Investigation: Military Still Targeted by Predatory Lenders

Photo courtesy of Pendleton.Marines.mil

Photo courtesy of Pendleton.Marines.mil

Service members are supposed to be protected from predatory lenders thanks to the Military Lending Act (MLA) in place for several years.

However, a joint investigation by Marketplace and ProPublica found that while the act did reduce the number of “payday loan” problems, the law does not regulate loans that extend beyond three months.

The MLA did little to regulate open-ended credit, or military installment loans longer than 91 days. Those are still available to service members, and in some cases aggressively sold to them. Some payday and title lenders have found ways to exploit gaps in the MLA, offering longer-term high-interest installment loans, sometimes backed by a car-title, that are not illegal but can send service members into a deepening spiral of debt.

Financial troubles are considered a serious threat to force readiness according to the Department of Defense.

At issue now, according to the report, are short-term high-interest cash loans. These “installment lenders” and pawn shops can be found outside the entrances of most military bases.

“I think it’s been a vexing problem for the military,” says Holly Petraeus, assistant director of the new Consumer Financial Protection Bureau in Washington.

She points out that the Department of Defense has tried hard to offer alternatives, providing low-cost emergency loans to low-income, cash-strapped military families. But there’s some paperwork involved, and permission from someone up the chain of command may be required, and follow-up financial counseling is strongly encouraged.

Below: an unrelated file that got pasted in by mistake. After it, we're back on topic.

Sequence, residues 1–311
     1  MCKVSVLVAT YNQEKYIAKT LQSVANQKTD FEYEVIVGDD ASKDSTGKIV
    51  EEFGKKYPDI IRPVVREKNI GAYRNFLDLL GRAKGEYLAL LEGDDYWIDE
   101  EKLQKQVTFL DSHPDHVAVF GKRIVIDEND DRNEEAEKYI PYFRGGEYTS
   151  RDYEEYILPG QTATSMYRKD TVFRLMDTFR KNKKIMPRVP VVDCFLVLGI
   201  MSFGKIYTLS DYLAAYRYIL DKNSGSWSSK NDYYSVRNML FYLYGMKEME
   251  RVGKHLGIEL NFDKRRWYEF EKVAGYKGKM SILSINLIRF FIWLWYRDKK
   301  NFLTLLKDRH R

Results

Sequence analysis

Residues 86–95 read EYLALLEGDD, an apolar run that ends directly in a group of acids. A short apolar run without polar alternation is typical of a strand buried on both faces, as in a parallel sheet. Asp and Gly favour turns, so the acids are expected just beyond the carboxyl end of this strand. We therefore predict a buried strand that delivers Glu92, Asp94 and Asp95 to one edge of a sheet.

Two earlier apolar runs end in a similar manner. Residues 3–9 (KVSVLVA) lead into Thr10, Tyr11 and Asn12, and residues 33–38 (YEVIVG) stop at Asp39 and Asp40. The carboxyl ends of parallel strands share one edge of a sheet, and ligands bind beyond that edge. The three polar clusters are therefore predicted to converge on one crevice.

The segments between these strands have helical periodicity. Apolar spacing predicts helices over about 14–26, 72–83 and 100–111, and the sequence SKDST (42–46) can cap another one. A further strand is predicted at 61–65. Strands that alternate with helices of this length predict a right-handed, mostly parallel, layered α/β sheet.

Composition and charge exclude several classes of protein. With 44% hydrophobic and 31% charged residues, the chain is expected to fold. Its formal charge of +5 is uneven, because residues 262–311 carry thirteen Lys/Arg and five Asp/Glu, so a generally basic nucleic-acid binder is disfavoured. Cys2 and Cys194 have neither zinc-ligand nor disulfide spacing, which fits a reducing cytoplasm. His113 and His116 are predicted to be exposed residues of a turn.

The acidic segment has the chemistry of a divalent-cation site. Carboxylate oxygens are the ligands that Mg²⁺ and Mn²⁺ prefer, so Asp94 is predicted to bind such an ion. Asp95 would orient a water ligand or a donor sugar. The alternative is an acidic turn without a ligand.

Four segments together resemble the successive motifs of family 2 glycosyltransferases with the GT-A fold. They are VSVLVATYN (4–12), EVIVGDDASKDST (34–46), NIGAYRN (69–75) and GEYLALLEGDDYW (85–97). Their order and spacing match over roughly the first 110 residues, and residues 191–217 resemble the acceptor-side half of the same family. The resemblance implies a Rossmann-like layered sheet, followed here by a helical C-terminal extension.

“People don’t want to come in and say they’ve messed up their finances,” she says. “And yet, with products where they’re just repeatedly paying large fees to borrow the same small amounts every month—you’re going to end up in a terrible financial mess, and with the real potential of losing your security clearance.”

You can read the full Marketplace and ProPublica report and check out the entire series HERE.

 

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All Sexual Assault Prevention Personnel Must Be Re-trained

Courtesy Dept. of Defense

Courtesy Dept. of Defense

Increased incidents of military sexual assault coupled with reports of alleged abuse by military members assigned to prevent such assaults has prompted Defense Secretary Chuck Hagel to order the retraining, re-credentialing and re-screening of all personnel involved with sexual assault prevention and military recruiting.

Defense Secretary Orders Retraining

The retraining was directed by Hagel after he was briefed on the second incident involving prevention personnel according to the American Forces Press Service.

“I cannot convey strongly enough his frustration, anger and disappointment over these troubling allegations and the breakdown in discipline and standards they imply,” Pentagon Press Secretary George Little said.

… Little said Hagel directed the retraining, re-credentialing and rescreening to address the broader concerns that have arisen out of these allegations and other recent events. Continue reading

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